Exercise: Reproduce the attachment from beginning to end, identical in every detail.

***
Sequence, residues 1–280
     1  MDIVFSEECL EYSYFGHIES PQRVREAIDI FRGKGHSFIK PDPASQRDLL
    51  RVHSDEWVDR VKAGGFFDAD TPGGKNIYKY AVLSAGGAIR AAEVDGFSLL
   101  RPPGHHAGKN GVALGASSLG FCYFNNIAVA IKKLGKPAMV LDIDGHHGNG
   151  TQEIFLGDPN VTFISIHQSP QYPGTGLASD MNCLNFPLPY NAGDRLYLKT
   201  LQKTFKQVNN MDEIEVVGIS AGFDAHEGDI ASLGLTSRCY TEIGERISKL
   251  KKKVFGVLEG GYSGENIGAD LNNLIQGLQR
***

Sequence, residues 1–280
     1  MDIVFSEECL EYSYFGHIES PQRVREAIDI FRGKGHSFIK PDPASQRDLL
    51  RVHSDEWVDR VKAGGFFDAD TPGGKNIYKY AVLSAGGAIR AAEVDGFSLL
   101  RPPGHHAGKN GVALGASSLG FCYFNNIAVA IKKLGKPAMV LDIDGHHGNG
   151  TQEIFLGDPN VTFISIHQSP QYPGTGLASD MNCLNFPLPY NAGDRLYLKT
   201  LQKTFKQVNN MDEIEVVGIS AGFDAHEGDI ASLGLTSRCY TEIGERISKL
   251  KKKVFGVLEG GYSGENIGAD LNNLIQGLQR